Torche : Restarter

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Torche Restarter review

The greatest tool at Torche‘s disposal has always been their sense of fun. In fact, it’s one of the few constants in the Miami-based metal band’s career, which has been marked in large part by how little in their world actually stands still for long. Their lineup has shifted a bit, with Andrew Elstner having replaced outgoing guitarist Juan Montoya in 2011 after the band’s brief stint as a trio. And they’ve played a long game of label hopscotch, having leaped from Robotic Empire to Hydra Head to Volcom, eventually landing on venerable metal heavyweight Relapse, which is releasing their latest album, Restarter. But what hasn’t changed is the approachability and hook-heavy approach of their bubblegum sludge-rock — nor the giddy, euphoric thrill that comes with it.

This is metal we’re talking about, however, that giddy thrill comes in the form of riffs that wallop like a prize-fighter’s punch, or rhythms that throttle and jostle with manic intensity. It’s with good reason that they’ve been referred to as “doom-pop,” and albums like 2008’s Meanderthal and 2012’s Harmonicraft bore that out with radio-ready hooks, sing-along choruses, and a perfectly gnarled sound engineered to leave every dizzy and delighted head ringing.

As Torche transitions to Relapse with Restarter, the “pop” half of that equation hasn’t waned, necessarily, but it’s also less explicit than the melody-forward anvil-heavy alt-rock of their previous album. It’s tempting to read more into the title, Restarter, than necessary; sure, they have a new label, and with that often comes the opportunity to start fresh. But Torche aren’t so much reintroducing a new-and-improved, rebranded version of themselves as they are simply refocusing on aspects of their sound and identity that were already there. The window illustration on the album’s cover portends something far darker and less outwardly absurd than the rainbow-vomiting unicorns of Harmonicraft. Similarly, opening track “Annihilation Affair” moves at a much slower, sludgier pace than that album’s soaring bolt of lightning, “Letting Go.”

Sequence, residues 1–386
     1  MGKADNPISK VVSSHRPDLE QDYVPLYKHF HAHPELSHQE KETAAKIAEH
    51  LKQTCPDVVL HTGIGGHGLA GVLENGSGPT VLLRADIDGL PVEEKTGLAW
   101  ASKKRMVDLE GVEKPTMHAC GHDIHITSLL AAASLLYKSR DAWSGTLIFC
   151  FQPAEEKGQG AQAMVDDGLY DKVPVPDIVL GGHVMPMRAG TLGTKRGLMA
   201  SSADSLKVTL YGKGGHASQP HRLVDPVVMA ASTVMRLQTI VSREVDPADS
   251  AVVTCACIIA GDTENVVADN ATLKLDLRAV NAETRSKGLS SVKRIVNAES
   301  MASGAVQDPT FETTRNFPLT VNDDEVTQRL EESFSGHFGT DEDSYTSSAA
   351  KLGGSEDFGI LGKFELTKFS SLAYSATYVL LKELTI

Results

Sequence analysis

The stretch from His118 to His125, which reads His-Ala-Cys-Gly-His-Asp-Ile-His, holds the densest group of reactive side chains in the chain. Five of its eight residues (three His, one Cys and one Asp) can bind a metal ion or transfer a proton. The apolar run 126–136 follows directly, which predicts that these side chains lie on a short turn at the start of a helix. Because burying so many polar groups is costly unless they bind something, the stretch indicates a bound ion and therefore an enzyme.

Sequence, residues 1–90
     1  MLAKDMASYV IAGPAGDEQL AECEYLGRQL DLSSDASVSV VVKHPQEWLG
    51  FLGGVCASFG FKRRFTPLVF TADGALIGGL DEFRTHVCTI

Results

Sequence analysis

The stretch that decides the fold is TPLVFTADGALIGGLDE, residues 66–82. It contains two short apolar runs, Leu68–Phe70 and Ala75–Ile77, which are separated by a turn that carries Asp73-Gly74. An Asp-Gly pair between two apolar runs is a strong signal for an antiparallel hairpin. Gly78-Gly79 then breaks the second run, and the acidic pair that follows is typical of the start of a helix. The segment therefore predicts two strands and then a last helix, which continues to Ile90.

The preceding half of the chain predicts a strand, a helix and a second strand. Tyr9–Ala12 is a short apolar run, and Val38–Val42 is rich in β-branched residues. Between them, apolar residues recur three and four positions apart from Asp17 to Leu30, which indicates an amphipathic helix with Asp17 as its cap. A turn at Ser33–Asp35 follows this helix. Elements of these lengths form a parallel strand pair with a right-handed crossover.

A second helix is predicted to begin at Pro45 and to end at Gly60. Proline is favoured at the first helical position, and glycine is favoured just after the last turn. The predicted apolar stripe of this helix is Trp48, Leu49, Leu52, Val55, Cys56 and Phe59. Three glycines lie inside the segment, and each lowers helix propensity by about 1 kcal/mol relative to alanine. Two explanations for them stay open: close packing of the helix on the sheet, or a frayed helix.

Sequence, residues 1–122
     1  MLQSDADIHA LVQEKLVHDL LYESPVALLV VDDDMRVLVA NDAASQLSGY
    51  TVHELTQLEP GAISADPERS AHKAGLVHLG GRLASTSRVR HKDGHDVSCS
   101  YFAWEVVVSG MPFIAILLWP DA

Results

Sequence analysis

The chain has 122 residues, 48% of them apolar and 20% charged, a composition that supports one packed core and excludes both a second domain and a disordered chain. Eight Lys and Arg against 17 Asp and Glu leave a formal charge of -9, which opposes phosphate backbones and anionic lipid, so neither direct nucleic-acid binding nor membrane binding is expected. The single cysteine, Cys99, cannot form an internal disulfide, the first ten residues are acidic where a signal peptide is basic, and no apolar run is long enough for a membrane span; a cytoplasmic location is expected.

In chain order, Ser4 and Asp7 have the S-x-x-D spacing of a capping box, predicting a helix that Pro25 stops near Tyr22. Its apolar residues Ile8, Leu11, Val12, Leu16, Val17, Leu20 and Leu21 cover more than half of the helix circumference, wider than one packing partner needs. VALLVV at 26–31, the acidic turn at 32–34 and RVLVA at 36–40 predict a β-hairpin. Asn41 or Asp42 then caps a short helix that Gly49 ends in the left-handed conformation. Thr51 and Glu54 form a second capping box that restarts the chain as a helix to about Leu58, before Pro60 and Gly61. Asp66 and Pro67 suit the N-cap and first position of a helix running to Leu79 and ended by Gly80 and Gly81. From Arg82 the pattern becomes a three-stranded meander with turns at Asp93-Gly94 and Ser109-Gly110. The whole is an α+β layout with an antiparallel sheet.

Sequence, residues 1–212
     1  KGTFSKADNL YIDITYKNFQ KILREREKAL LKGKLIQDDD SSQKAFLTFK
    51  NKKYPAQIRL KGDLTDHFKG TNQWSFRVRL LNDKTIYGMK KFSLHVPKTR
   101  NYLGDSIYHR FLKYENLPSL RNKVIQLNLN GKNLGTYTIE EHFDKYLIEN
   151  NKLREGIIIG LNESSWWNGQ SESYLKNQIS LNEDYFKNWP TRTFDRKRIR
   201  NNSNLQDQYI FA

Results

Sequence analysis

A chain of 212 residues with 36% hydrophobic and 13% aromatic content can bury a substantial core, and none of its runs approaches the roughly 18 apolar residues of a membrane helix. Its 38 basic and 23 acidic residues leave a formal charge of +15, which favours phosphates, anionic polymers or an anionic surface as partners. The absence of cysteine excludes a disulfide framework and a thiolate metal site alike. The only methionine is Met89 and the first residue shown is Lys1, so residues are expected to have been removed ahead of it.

The Torche of Restarter is, at many points, more unambiguously metal than on their last couple of records, churning and chugging with the murky, oozing sensibility of a band like Indian, albeit fed through Torche’s uniquely accessible filter. This may have something to do with Steve Brooks taking some time to record and tour with his other band, the similarly sludgy Floor. Take “Minions,” which stomps slowly and powerfully, but rises up into a hypnotic, psychedelic swirl of guitars around the three-minute mark. And “No Servants” withholds the payoff as well, relying on a bass and feedback thud until a little over a minute in, at which point there’s a brief flash of trippy, mesmerizing riffage. Not that Restarter is all about delayed gratification; the soaring “Bishop In Arms,” streamlined “Loose Men” and buoyant “Blasted” are all shorter, sharper installments of classic Torche — big guitars, big hooks, no waiting.

As much as any of Torche’s albums are about change, Restarter marks another important chapter in the band’s evolution. It’s an album that rewards patience, carefully building up to each of the record’s many brilliant moments. And it’s not just on a song-by-song basis; the incredible, nearly nine-minute title track comes right at the end, closing out an album of melodic surprises with the biggest one of all. It’s the band’s own hybrid of heavy psych and shoegaze, carrying out a krautrock-style groove toward the finish line as Brooks and Elstner’s guitars rise ever higher, effects looping over effects, riffs stacking upon riffs. It’s a powerful climax, not just for the album but for Torche as a band. This isn’t a case of starting over so much as exploring the nuances of something that already worked from the start.

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